In order to receive accumulating snow in late October or the first week in November, a lot of things have to happen atmospherically. In the middle of winter it’s still necessary the key ingredients of a snowstorm are there, but by then the ground is cold, the air is colder and the ocean has also cooled. These variables make it easier for the atmosphere to produce snow as opposed to rain.
Of course, we also need a storm to take just the right track and become sizable enough to bring a large amount of precipitation.
This weekend all the models agree a big ocean storm will form. The image above is from the GFS model. It shows a large storm east of Maine Sunday. All the black lines around the low (L) are isobars and indicate a lot of wind.
There is, as is usually the case, disagreement among the individual models on the exact position of the low.
For southern New England and even southern Maine it’s unlikely there will be much accumulating snow. This isn’t to say if everything comes together just right some snow couldn’t stick on the grass, the car tops or the walkway for a short time early Sunday morning. This would be the exception at least the way things look today.
While, it appears the storm will peak in intensity far enough away so the majority of the area escapes a big snowstorm. Both the European and American models do put out some big snowfall totals for extreme eastern Maine and parts of Nova Scotia. The models are showing over a foot of snow in parts of Maine and close to 2 feet in Canada. While this isn’t impossible, the numbers do seem exaggerated. I think it’s also possible the ski areas of Maine see a plowable snowstorm depending on the track.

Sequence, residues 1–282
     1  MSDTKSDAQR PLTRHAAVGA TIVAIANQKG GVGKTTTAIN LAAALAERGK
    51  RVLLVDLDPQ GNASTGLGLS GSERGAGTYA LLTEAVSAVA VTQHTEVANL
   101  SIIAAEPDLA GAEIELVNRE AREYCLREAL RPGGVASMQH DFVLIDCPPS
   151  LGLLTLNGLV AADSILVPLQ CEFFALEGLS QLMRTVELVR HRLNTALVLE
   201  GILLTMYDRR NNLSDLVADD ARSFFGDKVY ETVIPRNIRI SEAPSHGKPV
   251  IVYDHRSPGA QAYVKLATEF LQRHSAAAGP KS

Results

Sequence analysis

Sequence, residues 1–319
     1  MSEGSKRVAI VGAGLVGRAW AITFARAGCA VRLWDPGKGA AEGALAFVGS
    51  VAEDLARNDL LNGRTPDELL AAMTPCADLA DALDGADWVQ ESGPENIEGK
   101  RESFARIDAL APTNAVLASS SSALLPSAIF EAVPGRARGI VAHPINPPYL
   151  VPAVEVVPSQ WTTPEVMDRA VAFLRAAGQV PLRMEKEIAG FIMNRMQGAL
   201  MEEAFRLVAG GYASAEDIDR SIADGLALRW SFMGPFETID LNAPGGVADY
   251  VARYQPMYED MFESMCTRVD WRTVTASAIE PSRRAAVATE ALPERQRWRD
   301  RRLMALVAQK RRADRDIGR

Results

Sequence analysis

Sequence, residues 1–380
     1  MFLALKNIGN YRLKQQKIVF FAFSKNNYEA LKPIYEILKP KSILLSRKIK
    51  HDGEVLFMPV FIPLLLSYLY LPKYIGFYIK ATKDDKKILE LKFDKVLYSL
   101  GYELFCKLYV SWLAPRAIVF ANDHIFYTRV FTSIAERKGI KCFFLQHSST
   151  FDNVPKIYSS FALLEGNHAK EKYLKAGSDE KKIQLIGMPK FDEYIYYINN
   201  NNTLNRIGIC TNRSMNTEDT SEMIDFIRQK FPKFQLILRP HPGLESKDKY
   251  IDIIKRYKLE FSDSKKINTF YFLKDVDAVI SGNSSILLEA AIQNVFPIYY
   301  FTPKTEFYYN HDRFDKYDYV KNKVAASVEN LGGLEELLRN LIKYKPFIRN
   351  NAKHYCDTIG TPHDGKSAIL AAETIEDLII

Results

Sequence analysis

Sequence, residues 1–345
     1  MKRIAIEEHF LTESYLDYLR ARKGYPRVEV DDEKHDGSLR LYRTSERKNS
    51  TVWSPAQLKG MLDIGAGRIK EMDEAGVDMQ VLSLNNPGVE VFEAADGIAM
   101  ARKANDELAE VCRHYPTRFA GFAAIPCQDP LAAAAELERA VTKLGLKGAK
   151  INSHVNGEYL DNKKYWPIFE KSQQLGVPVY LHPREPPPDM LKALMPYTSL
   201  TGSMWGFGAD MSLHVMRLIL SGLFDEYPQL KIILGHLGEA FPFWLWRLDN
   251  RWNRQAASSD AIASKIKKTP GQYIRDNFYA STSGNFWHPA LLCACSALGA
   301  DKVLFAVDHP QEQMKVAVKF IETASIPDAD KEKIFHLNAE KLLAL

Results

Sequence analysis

This storm’s intensity is out of the ordinary for this time of the year. When storms are unusual we call them anomalous. The greater the anomaly of the storm the more difficult the models have in forecasting the solution. For the upcoming storm, according to this morning’s discussion from the National Weather Service, the core of the low at around 10,000 feet is forecast to be as much as 5 standard deviations below normal. You might not remember your statistics class, but that is a highly anomalous number.
Today, after the fog burns off, it will be mostly cloudy and mild. Highs reach the 60s to near 70F with a few spots hitting the lower 70s. A line of showers pushes through in the early afternoon over western areas and exists the coast before sunset. Not everyone will see rain.
Two nice days follow with sunshine and seasonable temperatures. Highs will be in the upper 50s Thursday and mid-50s Friday. Saturday brings clouds and a period of rain. It’s going to be very chilly over the weekend with highs in the 40s. Places in the hills Sunday stay in the 30s!
For those going out Friday evening for Halloween it looks dry and partly to mostly cloudy. The sunset is Temperatures will be about 50F-45F from 5PM until 10PM Sunset is at 5:39PM.
Saturday will be cool and blustery with showers possible. Highs in the 40s. Sunday morning we could see a leftover shower or rain or snow and then partial sunshine returns, but it’s cold. Highs in the upper 30 in the Worcester hills and lower 40s along the coast.
I’ll be updating the forecast on Twitter, please feel free to ask me questions there.
Remember to set your clocks back one hour before you go to bed Saturday night. The sun will go down before 5 PM on Sunday evening and it’s going to feel like winter.